MeSH Terms: Cell Differentiation, Cells, Cultured, Dopaminergic Neurons, Humans, Induced Pluripotent Stem Cells, Lipid Peroxidation, Manganese, Oxidative Stress, Reactive Nitrogen Species, Reactive Oxygen Species, Rotenone
Show Abstract · Added April 11, 2018
Parkinson's disease (PD) is the result of complex interactions between genetic and environmental factors. Two chemically distinct environmental stressors relevant to PD are the metal manganese and the pesticide rotenone. Both are thought to exert neurotoxicity at least in part via oxidative stress resulting from impaired mitochondrial activity. Identifying shared mechanism of action may reveal clues towards an understanding of the mechanisms underlying PD pathogenesis. Here we compare the effects of manganese and rotenone in human-induced pluripotent stem cells-derived postmitotic mesencephalic dopamine neurons by assessing several different oxidative stress endpoints. Manganese, but not rotenone caused a concentration and time-dependent increase in intracellular reactive oxygen/nitrogen species measured by quantifying the fluorescence of oxidized chloromethyl 2',7'-dichlorodihydrofluorescein diacetate (DCF) assay. In contrast, rotenone but not manganese caused an increase in cellular isoprostane levels, an indicator of lipid peroxidation. Manganese and rotenone both caused an initial decrease in cellular reduced glutathione; however, glutathione levels remained low in neurons treated with rotenone for 24 h but recovered in manganese-exposed cells. Neurite length, a sensitive indicator of overall neuronal health was adversely affected by rotenone, but not manganese. Thus, our observations suggest that the cellular oxidative stress evoked by these 2 agents is distinct yielding unique oxidative stress signatures across outcome measures. The protective effect of rasagiline, a compound used in the clinic for PD, had negligible impact on any of oxidative stress outcome measures except a subtle significant decrease in manganese-dependent production of reactive oxygen/nitrogen species detected by the DCF assay.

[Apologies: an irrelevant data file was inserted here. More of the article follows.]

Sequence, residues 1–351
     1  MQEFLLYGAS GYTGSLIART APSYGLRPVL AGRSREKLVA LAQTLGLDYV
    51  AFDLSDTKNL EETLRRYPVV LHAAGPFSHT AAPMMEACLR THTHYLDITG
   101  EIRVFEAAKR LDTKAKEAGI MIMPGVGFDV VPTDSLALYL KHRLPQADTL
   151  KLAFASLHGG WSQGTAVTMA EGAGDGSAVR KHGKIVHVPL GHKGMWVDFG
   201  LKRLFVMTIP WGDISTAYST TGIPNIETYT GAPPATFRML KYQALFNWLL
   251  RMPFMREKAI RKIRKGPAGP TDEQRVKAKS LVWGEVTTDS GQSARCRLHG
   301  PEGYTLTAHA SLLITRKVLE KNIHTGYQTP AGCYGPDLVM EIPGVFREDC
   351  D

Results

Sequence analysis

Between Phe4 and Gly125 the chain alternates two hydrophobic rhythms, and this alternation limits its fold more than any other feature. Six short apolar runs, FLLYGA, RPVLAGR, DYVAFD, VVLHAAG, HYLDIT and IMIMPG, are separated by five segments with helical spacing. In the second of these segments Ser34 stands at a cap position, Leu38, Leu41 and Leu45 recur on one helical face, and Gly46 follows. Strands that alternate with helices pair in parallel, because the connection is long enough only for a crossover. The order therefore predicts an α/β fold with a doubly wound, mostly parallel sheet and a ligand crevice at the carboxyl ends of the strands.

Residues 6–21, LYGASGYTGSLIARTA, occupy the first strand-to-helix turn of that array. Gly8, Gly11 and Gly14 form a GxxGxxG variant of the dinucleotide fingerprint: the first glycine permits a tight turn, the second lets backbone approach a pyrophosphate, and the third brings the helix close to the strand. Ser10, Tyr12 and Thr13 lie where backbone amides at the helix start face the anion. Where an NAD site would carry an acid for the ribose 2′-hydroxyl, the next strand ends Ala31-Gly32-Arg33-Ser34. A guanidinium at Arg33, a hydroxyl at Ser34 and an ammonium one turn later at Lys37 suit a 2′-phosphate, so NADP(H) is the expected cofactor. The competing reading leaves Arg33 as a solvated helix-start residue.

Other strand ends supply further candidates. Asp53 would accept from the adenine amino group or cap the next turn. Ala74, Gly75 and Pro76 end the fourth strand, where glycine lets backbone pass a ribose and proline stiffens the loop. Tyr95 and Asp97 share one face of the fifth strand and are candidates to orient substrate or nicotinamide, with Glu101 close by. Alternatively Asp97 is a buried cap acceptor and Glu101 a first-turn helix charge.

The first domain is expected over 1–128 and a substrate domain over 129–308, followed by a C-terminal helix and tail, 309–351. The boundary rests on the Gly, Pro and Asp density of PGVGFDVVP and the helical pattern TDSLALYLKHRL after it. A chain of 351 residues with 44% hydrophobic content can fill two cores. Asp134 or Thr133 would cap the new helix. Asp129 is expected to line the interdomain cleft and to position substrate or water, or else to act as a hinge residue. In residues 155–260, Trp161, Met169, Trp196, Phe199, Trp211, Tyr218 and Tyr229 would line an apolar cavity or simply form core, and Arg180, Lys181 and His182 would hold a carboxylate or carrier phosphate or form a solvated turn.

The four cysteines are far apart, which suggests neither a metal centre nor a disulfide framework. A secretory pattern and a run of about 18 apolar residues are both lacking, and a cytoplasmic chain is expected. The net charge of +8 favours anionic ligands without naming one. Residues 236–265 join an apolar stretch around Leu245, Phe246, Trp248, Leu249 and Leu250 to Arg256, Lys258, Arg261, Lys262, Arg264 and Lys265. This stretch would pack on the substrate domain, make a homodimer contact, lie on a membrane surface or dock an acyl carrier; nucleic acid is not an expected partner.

© The Author 2017. Published by Oxford University Press on behalf of the Society of Toxicology. All rights reserved. For Permissions, please e-mail: journals.permissions@oup.com.
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11 MeSH Terms
Dietary Manganese Promotes Staphylococcal Infection of the Heart.
Juttukonda LJ, Berends ETM, Zackular JP, Moore JL, Stier MT, Zhang Y, Schmitz JE, Beavers WN, Wijers CD, Gilston BA, Kehl-Fie TE, Atkinson J, Washington MK, Peebles RS, Chazin WJ, Torres VJ, Caprioli RM, Skaar EP
(2017) Cell Host Microbe 22: 531-542.e8
MeSH Terms: Abscess, Animals, Diet, Disease Models, Animal, Endocarditis, Bacterial, Heart, Humans, Leukocyte L1 Antigen Complex, Liver, Manganese, Mice, Mice, Congenic, Mice, Inbred C57BL, Neutrophils, Reactive Oxygen Species, Staphylococcal Infections, Staphylococcus aureus
Show Abstract · Added March 14, 2018
Diet, and specifically dietary metals, can modify the risk of infection. However, the mechanisms by which manganese (Mn), a common dietary supplement, alters infection remain unexplored. We report that dietary Mn levels dictate the outcome of systemic infections caused by Staphylococcus aureus, a leading cause of bacterial endocarditis. Mice fed a high Mn diet display alterations in Mn levels and localization within infected tissues, and S. aureus virulence and infection of the heart are enhanced. Although the canonical mammalian Mn-sequestering protein calprotectin surrounds staphylococcal heart abscesses, calprotectin is not released into the abscess nidus and does not limit Mn in this organ. Consequently, excess Mn is bioavailable to S. aureus in the heart. Bioavailable Mn is utilized by S. aureus to detoxify reactive oxygen species and protect against neutrophil killing, enhancing fitness within the heart. Therefore, a single dietary modification overwhelms vital host antimicrobial strategies, leading to fatal staphylococcal infection.
Copyright © 2017 Elsevier Inc. All rights reserved.
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4 Members
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17 MeSH Terms
Manganese and the Insulin-IGF Signaling Network in Huntington's Disease and Other Neurodegenerative Disorders.
Bryan MR, Bowman AB
(2017) Adv Neurobiol 18: 113-142
MeSH Terms: Alzheimer Disease, Amyotrophic Lateral Sclerosis, Animals, Autophagy, Brain, Disease Models, Animal, Humans, Huntingtin Protein, Huntington Disease, Insulin, Manganese, Mitochondria, Neostriatum, Neural Stem Cells, Neurodegenerative Diseases, Parkinson Disease, Reactive Oxygen Species, Signal Transduction, Somatomedins